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Syrian crew sets sail on historical circumnavigation of Africa

Tue, 01 Jan 2008 ANI

London, August 11 (ANI): A group of 20 sailors on Arwad Island off the coast of Syria have set sail on a journey that would involve the circumnavigation of Africa, a feat which has not been undertaken for two and a half millennia.

 

According to a report in BBC News, the sailors have set off on a journey that attempts to replicate what the Greek historian Herodotus mentions as the first circumnavigation of Africa in about 600 BC.

 

Their vessel, the small, pine-wood Phoenicia, is modelled on the type of ship the Phoenician sailors Herodotus credited with the landmark voyage would have used.

 

The year-long voyage will take the crew into some of the most dangerous waters in the world.

 

As well as sailing round the southern most tip of Africa, the crew is preparing to deal with pirates and long periods of waiting for favorable winds.

 

The skilful shipbuilders in Arwad are familiar with construction techniques dating back 200-300 years, but according to shipbuilder Orwa Bader, this is the first time they have ever tried to build in the Phoenician style.

 

"Usually, it takes three men and two months to build any type of ship. But this time, we needed at least five to 10 builders to work on it over eight months to make it ready. It was a hard but enjoyable job," said Bader.

 

The vessel, designed on the basis of information from wrecked ships, pottery and other archaeological artefacts from the era, is made entirely of wood, with a single sail and no engine.

 

The only concession to 21st Century sailing equipment is its navigational system. Its top speed will be the equivalent of 10km/h on land.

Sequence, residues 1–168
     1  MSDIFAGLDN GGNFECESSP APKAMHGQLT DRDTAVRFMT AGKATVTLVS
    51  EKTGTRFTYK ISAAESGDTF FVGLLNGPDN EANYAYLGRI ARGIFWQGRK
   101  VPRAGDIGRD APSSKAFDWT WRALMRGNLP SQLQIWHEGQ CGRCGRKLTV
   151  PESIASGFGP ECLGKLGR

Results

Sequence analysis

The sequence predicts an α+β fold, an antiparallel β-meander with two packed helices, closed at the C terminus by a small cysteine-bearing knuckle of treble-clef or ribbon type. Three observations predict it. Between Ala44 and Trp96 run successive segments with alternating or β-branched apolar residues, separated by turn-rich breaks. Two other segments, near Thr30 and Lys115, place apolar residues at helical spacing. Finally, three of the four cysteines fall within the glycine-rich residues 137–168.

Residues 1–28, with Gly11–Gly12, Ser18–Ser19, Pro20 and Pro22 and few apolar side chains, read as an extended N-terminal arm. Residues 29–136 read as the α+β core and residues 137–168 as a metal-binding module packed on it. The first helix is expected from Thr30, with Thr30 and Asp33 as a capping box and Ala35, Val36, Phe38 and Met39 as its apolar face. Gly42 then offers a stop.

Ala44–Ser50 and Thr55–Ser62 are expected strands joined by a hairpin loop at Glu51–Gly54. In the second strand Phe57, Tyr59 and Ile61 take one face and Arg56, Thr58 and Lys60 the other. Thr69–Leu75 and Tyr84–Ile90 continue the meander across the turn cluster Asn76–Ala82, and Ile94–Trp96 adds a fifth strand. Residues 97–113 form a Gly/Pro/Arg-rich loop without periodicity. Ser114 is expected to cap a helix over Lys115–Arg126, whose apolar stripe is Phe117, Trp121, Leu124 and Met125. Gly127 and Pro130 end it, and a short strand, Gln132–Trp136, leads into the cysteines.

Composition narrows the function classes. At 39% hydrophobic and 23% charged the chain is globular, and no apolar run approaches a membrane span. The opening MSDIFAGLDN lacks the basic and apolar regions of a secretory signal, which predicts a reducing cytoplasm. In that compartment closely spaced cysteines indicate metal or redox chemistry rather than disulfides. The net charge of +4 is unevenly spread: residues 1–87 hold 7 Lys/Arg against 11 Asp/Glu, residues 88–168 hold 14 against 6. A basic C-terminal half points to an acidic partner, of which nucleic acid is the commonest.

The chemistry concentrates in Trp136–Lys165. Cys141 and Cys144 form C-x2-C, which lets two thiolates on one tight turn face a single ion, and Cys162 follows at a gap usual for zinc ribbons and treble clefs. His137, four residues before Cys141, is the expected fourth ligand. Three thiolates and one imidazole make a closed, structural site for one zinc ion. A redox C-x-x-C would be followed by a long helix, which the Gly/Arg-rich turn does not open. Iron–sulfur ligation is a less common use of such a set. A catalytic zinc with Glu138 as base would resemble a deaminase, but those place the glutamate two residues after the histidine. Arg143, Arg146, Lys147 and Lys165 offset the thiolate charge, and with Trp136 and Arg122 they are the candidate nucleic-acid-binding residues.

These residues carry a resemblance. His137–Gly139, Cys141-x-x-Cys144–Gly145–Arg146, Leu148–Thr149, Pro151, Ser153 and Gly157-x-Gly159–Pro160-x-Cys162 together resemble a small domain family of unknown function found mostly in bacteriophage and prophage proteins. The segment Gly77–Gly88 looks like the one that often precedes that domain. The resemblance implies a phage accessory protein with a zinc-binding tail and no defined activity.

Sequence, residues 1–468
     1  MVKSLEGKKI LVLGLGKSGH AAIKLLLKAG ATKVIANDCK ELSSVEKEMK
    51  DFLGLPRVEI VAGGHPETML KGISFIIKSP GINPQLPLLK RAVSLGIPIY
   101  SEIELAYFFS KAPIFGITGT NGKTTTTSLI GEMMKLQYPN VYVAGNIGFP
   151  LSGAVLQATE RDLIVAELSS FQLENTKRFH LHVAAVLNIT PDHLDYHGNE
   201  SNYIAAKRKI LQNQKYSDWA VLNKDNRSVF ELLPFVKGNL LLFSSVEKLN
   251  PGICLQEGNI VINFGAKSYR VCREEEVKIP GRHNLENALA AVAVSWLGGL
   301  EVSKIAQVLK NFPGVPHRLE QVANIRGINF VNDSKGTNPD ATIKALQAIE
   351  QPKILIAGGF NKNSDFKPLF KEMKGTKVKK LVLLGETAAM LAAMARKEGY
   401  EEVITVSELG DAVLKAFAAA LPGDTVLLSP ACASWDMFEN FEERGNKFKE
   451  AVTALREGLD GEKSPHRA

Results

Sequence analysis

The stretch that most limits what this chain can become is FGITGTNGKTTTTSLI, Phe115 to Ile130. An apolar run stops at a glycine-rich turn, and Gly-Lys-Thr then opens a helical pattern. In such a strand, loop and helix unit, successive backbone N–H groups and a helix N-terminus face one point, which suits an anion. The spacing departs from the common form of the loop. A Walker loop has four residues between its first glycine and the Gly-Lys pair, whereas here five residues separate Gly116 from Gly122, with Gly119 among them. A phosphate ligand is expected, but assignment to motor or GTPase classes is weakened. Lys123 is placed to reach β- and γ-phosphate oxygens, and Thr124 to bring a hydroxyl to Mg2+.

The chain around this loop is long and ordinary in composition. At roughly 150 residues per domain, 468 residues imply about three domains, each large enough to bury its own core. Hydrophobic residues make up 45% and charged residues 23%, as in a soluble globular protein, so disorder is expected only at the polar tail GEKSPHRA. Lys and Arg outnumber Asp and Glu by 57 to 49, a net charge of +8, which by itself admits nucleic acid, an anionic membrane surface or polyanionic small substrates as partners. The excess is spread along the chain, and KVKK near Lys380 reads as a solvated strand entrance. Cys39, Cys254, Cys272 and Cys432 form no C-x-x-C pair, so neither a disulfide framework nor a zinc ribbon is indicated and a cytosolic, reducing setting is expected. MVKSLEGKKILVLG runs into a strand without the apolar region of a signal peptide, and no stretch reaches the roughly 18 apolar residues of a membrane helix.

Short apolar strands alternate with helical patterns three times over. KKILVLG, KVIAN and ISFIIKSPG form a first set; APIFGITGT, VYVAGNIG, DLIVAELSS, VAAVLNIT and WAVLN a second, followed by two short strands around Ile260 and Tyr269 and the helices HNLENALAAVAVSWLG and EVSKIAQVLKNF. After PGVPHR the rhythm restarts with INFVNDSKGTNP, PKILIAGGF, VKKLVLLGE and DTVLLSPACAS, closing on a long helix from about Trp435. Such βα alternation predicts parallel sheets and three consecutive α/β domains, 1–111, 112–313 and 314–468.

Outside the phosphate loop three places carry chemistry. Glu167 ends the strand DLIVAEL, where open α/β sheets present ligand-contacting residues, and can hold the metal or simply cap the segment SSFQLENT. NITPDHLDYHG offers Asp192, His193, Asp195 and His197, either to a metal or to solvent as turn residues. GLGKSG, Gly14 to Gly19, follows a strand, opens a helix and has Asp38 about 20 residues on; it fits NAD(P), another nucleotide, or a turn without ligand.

The route goes through the Red Sea, past Somalia and down the East African cost before rounding the southern tip of Africa around Christmas time.

 

According to Philip Beale, the ship's captain, "The most difficult part will be circumnavigating around the Cape of Good Hope where many shipwrecks are testimony to the difficult conditions there."

 

"You can get big waves of 20 metres or more there. It is a dangerous area and we'll be there in December and January," he added.

 

The ship will be crewed by a largely British team of volunteers, some of whom have never done anything similar. Living conditions will be tough, and little different from those the Phoenicians would have endured.

 

Unlike the Phoenicians' ships, the vessel will be equipped with lifeboats, and will carry large amounts of food and fresh water.

 

The Phoenicians lived in areas of modern-day Lebanon, Syria and other parts of the Mediterranean from about 1200 BC and are widely credited with being both strong seafarers and the first civilization to make extensive use of an alphabet. (ANI)

 



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